The government through the National Youth Service (NYS) has distributed heavy mining equipment worth hundreds of millions of shillings to artisanal and small-scale miners in Taita-Taveta County.
The equipment was donated to Ministry of Mining by NYS as part of government programme to support for small-scale miners who use crude tools to mine.
The equipment includes two tippers, two wheel shovels, two excavators and two bulldozers.
Others include one air compressor and an oil tanker with 18,000 liters of diesel.
Speaking at Voi gemology centre on Wednesday during the official handing over of the equipment on Wednesday, Mining Cabinet Secretary, Dan Kazungu said the equipment was a fulfillment made by the government for small scale miners.
He noted that the miners will be able to compete equally with the large scale miners who owned modern mining machines.
5,000 Artisanal miners
The CS said the region had over 5,000 artisanal miners who will benefit from the equipment.
“This is keeping a promise that was made by the government for small-scale miners. We have done our part and it’s now time to do yours,” he said.
The event was attended by NYS Director General, Richard Ndubai, Principal Secretaries, Dr. Ibrahim Mohammed for Mining; Lilian Omollo for Public Service and Dr. Margaret Mwakima for Environment.
Other leaders present include Taita-Taveta Women Representative, Joyce Lay, County Commissioner, Ms Kula Hache, several MCAs and other local leaders.
Last week on Saturday, President Uhuru Kenyatta was in the region to inspect several projects in the region.
During a meeting with the youth at Taita-Taveta University, he promised to assist small-scale miners through the provision of mining equipment.
This, he noted, would improve the livelihoods of people in the region.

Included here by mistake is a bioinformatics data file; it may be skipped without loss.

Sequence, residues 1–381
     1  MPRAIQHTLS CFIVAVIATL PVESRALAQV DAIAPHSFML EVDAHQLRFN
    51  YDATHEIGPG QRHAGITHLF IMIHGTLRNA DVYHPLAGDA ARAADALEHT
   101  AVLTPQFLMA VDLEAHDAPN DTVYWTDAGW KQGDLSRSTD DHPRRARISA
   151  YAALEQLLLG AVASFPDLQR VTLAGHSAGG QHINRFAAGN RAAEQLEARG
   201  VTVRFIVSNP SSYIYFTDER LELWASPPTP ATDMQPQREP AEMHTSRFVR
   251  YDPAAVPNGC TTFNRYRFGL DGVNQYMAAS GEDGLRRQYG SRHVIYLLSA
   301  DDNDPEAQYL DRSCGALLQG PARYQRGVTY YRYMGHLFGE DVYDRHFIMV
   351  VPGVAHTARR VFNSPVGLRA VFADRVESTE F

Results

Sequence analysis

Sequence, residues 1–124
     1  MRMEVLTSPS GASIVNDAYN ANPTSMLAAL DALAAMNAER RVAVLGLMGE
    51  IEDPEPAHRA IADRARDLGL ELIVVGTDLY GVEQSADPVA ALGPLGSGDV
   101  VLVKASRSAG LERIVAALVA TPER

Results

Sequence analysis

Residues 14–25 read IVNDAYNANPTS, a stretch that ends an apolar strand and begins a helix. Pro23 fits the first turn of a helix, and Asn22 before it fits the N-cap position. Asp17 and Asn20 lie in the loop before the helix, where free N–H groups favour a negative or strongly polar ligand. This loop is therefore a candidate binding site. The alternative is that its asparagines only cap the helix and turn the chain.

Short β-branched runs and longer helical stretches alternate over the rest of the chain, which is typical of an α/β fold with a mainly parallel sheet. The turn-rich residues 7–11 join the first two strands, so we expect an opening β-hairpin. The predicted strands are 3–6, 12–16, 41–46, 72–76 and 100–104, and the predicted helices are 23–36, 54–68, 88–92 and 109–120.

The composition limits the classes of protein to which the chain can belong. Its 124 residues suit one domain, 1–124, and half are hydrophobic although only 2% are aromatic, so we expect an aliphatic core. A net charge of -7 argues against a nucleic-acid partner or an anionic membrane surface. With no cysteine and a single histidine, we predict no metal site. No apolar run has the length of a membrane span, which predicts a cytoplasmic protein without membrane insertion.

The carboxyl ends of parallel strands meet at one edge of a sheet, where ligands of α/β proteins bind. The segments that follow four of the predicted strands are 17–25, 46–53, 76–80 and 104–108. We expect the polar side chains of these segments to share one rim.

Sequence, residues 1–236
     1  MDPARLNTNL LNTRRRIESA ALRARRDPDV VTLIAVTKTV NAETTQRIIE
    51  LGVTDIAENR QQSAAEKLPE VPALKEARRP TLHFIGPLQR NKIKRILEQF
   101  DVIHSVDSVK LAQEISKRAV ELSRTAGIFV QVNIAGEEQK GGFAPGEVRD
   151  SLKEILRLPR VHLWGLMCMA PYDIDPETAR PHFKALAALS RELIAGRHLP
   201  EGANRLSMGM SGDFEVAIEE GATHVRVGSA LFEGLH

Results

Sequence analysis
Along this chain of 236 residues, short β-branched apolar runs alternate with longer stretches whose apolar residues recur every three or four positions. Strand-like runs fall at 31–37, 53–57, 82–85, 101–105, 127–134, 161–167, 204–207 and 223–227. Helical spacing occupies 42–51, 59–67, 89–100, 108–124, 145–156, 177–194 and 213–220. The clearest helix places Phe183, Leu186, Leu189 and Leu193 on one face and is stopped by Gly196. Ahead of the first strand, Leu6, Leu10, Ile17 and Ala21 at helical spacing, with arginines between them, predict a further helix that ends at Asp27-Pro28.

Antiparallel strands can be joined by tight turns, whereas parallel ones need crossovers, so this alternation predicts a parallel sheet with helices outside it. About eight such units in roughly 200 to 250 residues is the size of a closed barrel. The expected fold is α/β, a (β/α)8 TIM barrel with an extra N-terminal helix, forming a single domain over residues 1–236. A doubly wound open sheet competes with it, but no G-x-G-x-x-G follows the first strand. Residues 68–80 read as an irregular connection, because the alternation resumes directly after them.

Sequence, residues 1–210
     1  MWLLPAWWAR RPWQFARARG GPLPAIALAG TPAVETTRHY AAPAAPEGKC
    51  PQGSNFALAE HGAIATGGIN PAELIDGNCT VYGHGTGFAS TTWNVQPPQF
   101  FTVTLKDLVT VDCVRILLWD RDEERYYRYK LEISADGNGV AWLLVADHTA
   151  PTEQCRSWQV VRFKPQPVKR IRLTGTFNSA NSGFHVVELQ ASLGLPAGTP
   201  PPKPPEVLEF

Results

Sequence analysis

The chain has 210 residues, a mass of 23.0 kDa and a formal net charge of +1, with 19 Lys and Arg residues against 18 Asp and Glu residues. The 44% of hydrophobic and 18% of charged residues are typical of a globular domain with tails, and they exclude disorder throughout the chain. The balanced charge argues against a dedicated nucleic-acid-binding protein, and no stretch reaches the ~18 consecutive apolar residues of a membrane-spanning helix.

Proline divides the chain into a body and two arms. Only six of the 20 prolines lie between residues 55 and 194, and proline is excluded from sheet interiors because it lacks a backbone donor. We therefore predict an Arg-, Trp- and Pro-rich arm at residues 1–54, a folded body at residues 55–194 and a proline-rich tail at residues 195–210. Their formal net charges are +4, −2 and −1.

Local leaders praised the government and promised to put the machines to good use.
Joyce Lay, the women rep, said the poorest of the miners should be given priority when allocating the equipment.
She noted that most youths and women were in groups and needed to be assisted in getting the equipment to the mining sites.
She also warned that large-scale miners should keep off the project which was meant to benefit the financially weak.
“These machines are here to help our poor people who want to mine. The rich miners should not be allowed to take over them,” she said.
Most mining areas are located deep in the inhospitable bushes of Kamutonga, Chawia, Chungaunga, Alia and Mkuki.
Others are in Kasighau areas in Voi and Kishushe in Wundanyi.
Data from the mining department shows that the region has 36 registered mining groups.
The membership of each group ranges from 10 to 30 people.
Mr. Gabriel Mcharo, the chair of Mwachabo Community Based Organisation (CBO), said the members would use the equipment to uplift their lives.
He also asked the government to allow the members to do controlled mining inside the national park.
Mwachabo CBO is the largest informal mining organisations with over 3,400 members.
Mr. Bakari Kalema, the Chairperson of Small Scale Miners Coast Chapter, said the miners were delighted by the fulfillment of the presidential pledge.
He added that a mining committee would create a timetable for how the machines will be utilised.
During the first month, the equipment would be used for free by the groups from where groups will pay small hiring fee for fuel and maintenance.
“We will make a programme that will accommodate all the groups. What we are wary about is large scale miners should not be given priority,” he said.
Ms. Penina Wambui, a mining student, said the issuing of the mining equipment and commissioning of gemology centre in Voi would give thousands of students an opportunity to have practical lessons of minerals processing from extraction to packaging.